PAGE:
The Ultimate Guide to Shopping for Commercial Truck Insurance

Use these unbeatable commercial truck insurance strategies to find the right policy for you.

Whether you own a single truck or an entire fleet, choosing the right commercial truck insurance is critical to protecting and prolonging the success of your hauling operations for as long as possible. From legal minimum insurance requirements to money-saving tips that most people overlook, this comprehensive commercial trucking insurance guide aims to get you the right amount of coverage at an affordable price.

Semi-Truck
Semi-trucks and big rigs all need to be properly insured, so let’s learn how!



What is the Cost of a Commercial Truck Insurance Policy Based On?

Commercial truck insurance companies have to account for many different factors and risks when determining truck insurance rates:

  • Factor #1: Cargo

    Insurance companies want to know the type of cargo that’s being carried as well as its value. This will help determine how much it costs to replace and how much damage the cargo can cause in the event of an accident.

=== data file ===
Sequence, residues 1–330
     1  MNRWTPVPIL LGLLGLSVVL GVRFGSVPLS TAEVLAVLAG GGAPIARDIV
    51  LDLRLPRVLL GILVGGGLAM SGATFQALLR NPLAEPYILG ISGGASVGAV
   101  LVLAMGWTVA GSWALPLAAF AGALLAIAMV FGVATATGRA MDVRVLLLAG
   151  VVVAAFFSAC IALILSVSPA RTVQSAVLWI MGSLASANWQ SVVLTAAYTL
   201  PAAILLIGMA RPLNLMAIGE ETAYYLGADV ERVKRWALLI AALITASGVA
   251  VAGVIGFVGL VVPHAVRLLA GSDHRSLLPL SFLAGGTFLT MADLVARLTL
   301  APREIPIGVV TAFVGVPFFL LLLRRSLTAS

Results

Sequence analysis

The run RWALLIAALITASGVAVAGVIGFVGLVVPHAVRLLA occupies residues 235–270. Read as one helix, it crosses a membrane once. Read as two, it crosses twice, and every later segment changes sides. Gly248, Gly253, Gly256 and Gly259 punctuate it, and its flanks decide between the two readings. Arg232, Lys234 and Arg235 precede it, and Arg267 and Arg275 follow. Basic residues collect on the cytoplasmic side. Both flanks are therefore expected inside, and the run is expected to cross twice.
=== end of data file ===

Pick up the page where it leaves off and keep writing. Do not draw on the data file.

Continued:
Special cargo (such as livestock) and oversized loads will always up the policy price.

  • Factor #2: Driving radius

    Insurance companies measure the distance from your starting point to your farthest destination in a straight line to classify your policy into one of three types:

    • Local – No more than 50 miles of traveling
    • Intermediate – 51 to 100 miles
    • Long Distance – Over 200 miles
  • Factor #3: Route Risks

    Crime, high volumes of accidents, bad weather patterns and other area-specific risks can make your policy go up in price.

    The location where your trucks are kept overnight will also highly influence the policy.

  • Factor #4: Driving Record

    The number of years that you have been driving and the number of accidents and traffic infractions you’ve incurred can raise or lower your monthly premiums accordingly.

  • Factor #5: Vehicle Information

    The age, quality and model of a truck heavily factors into the policy.



What You Need to Get a Truck Insurance Policy Quote

The following information, though not required, will get you the most accurate commercial trucking insurance quote:

  • Insurance Policy Declaration – If you are currently insured, then this is the first page of your policy. It has your name, location, policy expiration date, and other information that will help the new insurance company determine a different policy.
  • Driver’s License & History – A driver’s license and printed driving history (accidents, speeding tickets, and other infractions) for yourself and any other driver you employ is required for a policy, and will help with quotes as well.
  • Vehicle Identification Number (VIN) – This number can be found on the registration.